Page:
Bok, Muir & Trickett

The First Fifteen Years, Vol. 1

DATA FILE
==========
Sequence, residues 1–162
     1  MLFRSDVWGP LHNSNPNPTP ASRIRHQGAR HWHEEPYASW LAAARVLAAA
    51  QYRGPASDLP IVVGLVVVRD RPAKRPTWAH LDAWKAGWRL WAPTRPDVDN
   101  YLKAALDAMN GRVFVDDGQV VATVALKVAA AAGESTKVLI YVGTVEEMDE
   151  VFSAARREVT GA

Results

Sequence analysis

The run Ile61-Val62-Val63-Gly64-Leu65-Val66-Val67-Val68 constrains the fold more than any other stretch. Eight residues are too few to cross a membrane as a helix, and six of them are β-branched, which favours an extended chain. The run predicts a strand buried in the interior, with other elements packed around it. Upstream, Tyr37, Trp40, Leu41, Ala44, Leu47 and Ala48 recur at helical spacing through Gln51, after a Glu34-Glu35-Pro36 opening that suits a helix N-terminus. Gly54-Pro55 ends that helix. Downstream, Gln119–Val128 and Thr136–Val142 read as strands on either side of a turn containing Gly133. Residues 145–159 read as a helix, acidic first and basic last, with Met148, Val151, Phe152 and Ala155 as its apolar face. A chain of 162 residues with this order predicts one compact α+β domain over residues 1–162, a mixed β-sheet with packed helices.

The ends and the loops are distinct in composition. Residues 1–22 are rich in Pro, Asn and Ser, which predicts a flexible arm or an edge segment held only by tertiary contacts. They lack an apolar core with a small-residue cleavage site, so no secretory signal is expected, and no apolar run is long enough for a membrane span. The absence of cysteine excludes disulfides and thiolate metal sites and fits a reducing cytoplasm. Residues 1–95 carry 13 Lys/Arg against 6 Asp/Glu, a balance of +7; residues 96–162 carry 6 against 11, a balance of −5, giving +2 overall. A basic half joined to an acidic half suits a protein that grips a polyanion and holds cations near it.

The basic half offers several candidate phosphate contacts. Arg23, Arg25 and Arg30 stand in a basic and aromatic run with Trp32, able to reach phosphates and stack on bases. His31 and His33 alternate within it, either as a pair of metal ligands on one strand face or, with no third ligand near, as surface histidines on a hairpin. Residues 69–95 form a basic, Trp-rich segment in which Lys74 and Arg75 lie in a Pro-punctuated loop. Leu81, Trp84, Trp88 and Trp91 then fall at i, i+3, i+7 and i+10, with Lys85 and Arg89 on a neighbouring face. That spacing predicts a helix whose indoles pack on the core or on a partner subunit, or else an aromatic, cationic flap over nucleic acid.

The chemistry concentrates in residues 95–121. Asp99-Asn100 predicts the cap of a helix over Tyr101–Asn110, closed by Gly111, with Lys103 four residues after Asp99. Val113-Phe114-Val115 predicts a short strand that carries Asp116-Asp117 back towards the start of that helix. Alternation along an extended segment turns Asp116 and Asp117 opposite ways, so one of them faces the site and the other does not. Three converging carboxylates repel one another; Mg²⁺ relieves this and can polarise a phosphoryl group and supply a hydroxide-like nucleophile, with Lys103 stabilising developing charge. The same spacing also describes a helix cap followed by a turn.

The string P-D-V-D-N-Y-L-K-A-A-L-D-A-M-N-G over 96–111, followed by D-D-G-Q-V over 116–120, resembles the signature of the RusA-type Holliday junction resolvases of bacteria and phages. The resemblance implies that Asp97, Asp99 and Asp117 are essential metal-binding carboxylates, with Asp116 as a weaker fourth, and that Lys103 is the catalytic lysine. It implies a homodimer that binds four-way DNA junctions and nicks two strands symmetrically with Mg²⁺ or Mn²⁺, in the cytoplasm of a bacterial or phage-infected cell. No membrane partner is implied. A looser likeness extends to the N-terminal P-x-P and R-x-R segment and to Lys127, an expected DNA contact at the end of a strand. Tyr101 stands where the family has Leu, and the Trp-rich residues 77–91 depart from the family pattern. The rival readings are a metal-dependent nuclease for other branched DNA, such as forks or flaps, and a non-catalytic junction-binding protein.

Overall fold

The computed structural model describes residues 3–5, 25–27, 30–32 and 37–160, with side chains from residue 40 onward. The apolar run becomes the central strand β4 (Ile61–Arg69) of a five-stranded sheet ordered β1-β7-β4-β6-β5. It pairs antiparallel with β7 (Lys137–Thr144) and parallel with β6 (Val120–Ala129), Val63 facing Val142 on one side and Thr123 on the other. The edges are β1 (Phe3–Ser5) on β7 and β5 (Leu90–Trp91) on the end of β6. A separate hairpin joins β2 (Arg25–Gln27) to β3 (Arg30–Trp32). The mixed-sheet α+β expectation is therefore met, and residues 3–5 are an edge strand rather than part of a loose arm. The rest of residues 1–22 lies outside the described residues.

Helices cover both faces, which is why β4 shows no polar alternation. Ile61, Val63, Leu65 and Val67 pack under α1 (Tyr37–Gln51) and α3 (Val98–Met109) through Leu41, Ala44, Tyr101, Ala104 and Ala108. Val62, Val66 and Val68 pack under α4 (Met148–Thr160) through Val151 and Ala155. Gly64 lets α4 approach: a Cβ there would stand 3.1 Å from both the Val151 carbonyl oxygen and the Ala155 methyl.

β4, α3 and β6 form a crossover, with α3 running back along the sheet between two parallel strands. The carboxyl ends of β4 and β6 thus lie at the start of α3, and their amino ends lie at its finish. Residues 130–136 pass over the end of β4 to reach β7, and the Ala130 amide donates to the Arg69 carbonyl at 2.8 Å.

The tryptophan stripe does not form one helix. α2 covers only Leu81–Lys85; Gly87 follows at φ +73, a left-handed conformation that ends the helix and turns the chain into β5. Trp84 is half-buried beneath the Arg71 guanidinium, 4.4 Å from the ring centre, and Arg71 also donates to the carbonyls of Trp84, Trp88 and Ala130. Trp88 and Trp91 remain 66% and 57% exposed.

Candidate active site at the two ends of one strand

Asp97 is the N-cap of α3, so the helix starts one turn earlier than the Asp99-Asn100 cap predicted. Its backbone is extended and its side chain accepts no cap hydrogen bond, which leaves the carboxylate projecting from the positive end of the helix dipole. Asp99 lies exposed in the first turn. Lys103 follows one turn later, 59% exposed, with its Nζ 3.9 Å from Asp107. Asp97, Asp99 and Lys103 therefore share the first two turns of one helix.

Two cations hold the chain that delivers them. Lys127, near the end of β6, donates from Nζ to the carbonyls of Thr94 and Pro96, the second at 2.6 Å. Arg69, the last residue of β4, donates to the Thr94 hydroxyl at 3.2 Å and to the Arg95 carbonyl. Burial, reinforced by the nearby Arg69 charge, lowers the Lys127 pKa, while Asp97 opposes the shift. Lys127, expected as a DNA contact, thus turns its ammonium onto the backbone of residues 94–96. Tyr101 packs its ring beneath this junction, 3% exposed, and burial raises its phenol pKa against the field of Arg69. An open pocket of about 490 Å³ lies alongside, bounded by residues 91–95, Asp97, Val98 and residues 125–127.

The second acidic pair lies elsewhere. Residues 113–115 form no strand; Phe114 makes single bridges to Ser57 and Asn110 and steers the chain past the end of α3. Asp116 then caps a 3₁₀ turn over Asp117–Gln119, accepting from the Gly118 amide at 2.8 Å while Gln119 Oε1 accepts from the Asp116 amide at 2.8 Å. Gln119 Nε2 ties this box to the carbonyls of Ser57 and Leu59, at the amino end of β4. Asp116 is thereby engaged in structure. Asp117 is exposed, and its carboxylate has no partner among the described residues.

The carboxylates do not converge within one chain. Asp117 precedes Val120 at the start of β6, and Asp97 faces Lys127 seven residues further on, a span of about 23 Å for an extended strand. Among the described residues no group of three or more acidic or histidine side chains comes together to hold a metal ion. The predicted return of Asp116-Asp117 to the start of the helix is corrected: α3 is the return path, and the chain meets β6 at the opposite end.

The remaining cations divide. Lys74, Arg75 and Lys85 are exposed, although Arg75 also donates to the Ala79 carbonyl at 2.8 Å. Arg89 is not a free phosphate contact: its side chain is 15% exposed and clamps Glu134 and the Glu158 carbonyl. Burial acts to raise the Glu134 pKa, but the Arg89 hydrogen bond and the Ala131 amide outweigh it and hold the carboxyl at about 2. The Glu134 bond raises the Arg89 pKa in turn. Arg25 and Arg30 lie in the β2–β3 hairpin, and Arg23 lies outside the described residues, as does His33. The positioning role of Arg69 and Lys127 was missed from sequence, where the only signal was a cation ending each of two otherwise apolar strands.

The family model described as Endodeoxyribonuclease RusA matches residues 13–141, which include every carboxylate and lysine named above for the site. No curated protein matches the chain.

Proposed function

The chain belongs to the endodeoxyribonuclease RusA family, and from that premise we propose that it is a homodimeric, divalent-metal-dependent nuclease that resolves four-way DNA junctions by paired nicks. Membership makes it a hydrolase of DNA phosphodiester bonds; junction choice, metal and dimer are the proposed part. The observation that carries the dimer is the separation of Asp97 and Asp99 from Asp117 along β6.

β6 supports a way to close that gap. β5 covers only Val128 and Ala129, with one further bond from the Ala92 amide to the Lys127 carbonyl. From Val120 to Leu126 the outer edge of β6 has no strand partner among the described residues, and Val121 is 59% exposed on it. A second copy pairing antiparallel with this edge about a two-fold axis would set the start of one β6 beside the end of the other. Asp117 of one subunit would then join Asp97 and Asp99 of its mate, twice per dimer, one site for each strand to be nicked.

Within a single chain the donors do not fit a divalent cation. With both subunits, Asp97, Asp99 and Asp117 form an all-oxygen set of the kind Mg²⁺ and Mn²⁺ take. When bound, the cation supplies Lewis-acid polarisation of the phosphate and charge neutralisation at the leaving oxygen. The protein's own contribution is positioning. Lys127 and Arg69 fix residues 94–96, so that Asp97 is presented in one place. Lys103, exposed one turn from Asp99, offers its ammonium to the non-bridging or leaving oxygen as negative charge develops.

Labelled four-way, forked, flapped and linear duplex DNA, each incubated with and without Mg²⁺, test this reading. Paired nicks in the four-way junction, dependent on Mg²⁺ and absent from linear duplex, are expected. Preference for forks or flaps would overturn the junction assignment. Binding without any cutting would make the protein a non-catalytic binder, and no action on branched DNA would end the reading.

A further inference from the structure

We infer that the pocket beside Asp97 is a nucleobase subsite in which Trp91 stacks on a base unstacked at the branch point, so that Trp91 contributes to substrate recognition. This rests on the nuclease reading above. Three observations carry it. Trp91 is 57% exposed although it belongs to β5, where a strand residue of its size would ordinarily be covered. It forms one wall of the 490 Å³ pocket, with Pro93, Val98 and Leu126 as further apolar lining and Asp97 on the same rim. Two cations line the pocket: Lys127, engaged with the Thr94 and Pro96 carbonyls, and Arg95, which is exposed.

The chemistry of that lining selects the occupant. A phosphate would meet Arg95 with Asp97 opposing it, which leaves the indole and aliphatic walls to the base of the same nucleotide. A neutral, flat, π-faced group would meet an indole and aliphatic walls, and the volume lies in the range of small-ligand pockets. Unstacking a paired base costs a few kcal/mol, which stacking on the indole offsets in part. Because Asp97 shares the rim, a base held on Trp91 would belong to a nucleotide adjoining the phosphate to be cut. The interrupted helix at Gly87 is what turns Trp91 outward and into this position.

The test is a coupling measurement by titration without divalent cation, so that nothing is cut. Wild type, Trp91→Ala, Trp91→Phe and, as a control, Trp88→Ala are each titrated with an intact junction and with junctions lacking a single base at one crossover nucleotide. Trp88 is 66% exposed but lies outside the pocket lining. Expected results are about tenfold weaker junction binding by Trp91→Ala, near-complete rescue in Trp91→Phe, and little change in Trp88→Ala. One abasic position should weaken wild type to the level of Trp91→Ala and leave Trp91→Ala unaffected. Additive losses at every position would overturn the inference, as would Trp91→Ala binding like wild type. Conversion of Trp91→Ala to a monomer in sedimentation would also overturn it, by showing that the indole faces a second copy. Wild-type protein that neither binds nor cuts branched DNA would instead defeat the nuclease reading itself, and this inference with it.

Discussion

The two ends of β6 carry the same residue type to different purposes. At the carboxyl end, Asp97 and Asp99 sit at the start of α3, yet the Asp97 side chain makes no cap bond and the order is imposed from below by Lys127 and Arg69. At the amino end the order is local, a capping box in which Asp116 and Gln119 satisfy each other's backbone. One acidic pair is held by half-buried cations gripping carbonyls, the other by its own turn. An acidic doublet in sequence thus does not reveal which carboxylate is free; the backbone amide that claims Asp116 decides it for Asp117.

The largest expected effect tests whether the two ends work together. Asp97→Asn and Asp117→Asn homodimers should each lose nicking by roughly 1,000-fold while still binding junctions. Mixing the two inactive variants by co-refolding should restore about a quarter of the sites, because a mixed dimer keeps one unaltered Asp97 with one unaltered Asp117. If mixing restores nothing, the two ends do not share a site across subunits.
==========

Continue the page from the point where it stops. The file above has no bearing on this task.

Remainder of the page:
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Gordon Bok, Ann Mayo Muir, and Ed Trickett have been cult figures on the folk circuit since the early '70s, when they recorded their first album for the tiny Folk Legacy label. Folk Legacy has been rather slow in bowing to the digital imperative, and instead of reissuing the older albums individually, they have decided to release a best-of collection in two volumes. This, the first one, is the best. It includes some of the trio's most affecting work -- the sweet and sad "Johnny Stewart, Drover," Bok's supremely moving "Isle Au Haut Lullabye," his dark and bitter "Ways of Man," and the best version of Eric Bogle's "No Man's Land" on record. Best of all are their hair-raising, a cappella rendition of "How Can I Keep from Singing" and Ed Trickett's gently heartbroken take on "I Drew My Ship." The only clunker is "John," a Larry Kaplan song that has more than enough pathos in its lyrics and didn't need the additional emotional push the trio gives it in performance (a mistake that they notably avoided on "No Man's Land," which is why their version beats June Tabor's). But that's just one track out of 15. Everything else is the finest folk music ever committed to tape.

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